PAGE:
We asked Robert DeLaurentis to put together a survival kit that even a daredevil would love. “These are the eight things you can’t live without,” he said. The Earthrounder said that while each flying situation calls for its own selection of items, a core kit will always come in helpful.
DeLaurentis said that in most cases the smartest choice is to stay with the airplane. However, there are cases in which it may be best to move away from the crash site and seek help. “In those situations you might need to be as light as you can,” he said. Here’s his core kit:
“This is the coolest thing ever,” DeLaurentis said. While traditional flares last only about three minutes, a laser flare lasts for more than 48 hours. And because it uses battery life only when you’re triggering it, the light could last longer if you use it carefully. The range is 20 to 30 miles, and you can carry an additional battery.
You could certainly get a more purpose-built lighter, but for cheap insurance it’s hard to beat a Bic. Plus, DeLaurentis said, Bics are more convenient and easier to find than more specialized tools. They will light dozens of fires, melt ice, heat water, or cook food. “There’s a million uses for flame,” he said.
$5.99 for four
It’s easy to see why the InReach is DeLaurentis’ favorite piece of gear. The core function—an ability to lay down a trail of electronic breadcrumbs almost anywhere in the world—is a worthy benefit. The InReach adds more by enabling text, basic web browsing, and even some weather information. Subscriptions start at $11.95 a month.
What can you say about a great multitasker? The Victorinox version includes can openers, screwdrivers, knives, and a saw. “I can open it with one hand and my teeth if I need to,” DeLaurentis said. The tool can be used to cut light brush for shelter or to cut rope. DeLaurentis likes that it can cut a seatbelt, too.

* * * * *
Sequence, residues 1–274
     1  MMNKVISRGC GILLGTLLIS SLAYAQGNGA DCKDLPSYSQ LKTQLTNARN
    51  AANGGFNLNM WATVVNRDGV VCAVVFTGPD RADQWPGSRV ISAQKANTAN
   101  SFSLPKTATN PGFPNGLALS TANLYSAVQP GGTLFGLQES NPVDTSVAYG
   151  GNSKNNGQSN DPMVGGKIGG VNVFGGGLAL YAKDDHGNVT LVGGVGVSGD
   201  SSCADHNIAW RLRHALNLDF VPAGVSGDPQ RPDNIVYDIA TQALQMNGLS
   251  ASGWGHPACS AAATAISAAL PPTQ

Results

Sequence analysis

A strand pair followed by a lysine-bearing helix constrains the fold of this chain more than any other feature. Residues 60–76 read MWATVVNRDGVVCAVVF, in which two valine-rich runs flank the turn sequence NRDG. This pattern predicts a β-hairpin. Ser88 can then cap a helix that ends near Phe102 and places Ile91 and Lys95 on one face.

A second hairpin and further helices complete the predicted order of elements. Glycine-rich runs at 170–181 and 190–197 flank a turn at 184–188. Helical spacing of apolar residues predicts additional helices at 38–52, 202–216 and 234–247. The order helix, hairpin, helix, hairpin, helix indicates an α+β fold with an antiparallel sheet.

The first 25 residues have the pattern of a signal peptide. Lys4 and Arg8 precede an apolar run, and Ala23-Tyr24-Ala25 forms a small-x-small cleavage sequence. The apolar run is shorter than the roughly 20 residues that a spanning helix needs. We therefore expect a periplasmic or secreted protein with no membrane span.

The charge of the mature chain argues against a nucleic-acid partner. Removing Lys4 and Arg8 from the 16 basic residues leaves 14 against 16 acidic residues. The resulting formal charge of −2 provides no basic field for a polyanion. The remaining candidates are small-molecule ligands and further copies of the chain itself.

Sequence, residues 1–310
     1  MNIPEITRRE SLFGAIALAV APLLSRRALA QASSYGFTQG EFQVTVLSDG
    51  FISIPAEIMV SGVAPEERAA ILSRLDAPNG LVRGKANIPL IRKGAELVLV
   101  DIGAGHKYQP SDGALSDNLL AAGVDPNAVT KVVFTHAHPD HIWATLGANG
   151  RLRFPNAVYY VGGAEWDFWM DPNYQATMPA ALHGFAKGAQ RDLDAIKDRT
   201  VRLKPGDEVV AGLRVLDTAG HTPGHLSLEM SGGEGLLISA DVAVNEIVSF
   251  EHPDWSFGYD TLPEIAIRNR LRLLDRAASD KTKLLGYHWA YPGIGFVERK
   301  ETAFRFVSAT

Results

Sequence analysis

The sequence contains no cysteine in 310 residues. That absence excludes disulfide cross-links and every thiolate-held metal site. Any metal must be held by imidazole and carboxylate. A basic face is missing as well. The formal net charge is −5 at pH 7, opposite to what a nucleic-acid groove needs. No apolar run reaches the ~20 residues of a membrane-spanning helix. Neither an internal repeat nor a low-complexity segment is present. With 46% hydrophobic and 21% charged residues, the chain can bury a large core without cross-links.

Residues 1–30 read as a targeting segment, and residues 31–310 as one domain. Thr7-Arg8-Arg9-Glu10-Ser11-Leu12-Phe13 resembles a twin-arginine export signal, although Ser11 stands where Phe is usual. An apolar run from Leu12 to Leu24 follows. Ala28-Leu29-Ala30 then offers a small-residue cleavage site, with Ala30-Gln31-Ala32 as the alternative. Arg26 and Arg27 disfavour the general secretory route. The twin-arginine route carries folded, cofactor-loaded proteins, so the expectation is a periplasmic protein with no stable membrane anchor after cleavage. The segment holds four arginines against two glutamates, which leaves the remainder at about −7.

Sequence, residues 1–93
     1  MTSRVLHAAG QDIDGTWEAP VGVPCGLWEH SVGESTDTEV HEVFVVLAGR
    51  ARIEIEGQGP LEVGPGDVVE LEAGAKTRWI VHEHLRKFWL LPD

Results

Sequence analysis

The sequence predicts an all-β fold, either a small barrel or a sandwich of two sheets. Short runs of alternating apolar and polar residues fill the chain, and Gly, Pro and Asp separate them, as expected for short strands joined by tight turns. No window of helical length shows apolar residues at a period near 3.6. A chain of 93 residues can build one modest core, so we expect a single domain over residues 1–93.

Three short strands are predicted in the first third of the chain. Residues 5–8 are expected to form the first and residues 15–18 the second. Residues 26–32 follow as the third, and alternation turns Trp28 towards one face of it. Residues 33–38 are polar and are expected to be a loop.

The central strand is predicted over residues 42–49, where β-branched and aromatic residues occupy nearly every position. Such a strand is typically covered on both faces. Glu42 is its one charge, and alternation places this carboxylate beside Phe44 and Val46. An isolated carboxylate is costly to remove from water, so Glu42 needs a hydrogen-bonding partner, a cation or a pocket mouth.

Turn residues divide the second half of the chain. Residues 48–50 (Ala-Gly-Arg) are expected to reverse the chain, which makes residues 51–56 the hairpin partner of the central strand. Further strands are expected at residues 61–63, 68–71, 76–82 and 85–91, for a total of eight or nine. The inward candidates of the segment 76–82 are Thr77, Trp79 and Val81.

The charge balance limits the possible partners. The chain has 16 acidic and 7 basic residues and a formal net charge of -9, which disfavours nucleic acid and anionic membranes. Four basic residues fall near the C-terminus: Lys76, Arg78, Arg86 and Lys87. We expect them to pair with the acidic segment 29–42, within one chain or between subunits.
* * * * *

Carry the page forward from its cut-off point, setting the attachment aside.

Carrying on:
DeLaurentis calls this the Tim Kneeland shelter in honor of the survival expert and his many uses for the humble tarp. “It’s not just a shelter,” he said. You can quickly wrap yourself in it to protect from the wind, make a lean-to, or any number of other uses. Plus, if you get a dedicated survival tarp, it folds small, and is light and durable. A tarp from Home Depot could work for the budget-minded pilot.
$24.99 and up
Small braided nylon cord is a core piece of any survivalist's bag. Whether you’re a proper frontiersman and snag your dinner or you simply use it to tie your tarp to a tree, a length of cord takes virtually no space, adds negligible weight, and offers dozens of uses.
$4.99 and up
The LifeStraw and products like it are a revolution in the survival and outdoor world. These efficient little tubes can take dirty, muddy water and make it safe to drink. DeLaurentis said that without hope you can live for only three seconds, without air for three minutes, and without water for three days. That’s why he carries a LifeStraw wherever he flies.
If the LifeStraw has one limitation it’s that it doesn’t store water. That’s what the Sawyer Squeeze bags are for. These inexpensive bags collapse to take up very little space in the airplane, but expand to hold a significant amount of water. You can store water in the bag and then drink it with the LifeStraw. DeLaurentis threw out his canteen for desert flying and replaced it with a few Sawyer Squeeze bags.
$7.99 to $9.99, depending on size
Robert DeLaurentis’ full list of recommendations is available on his blog.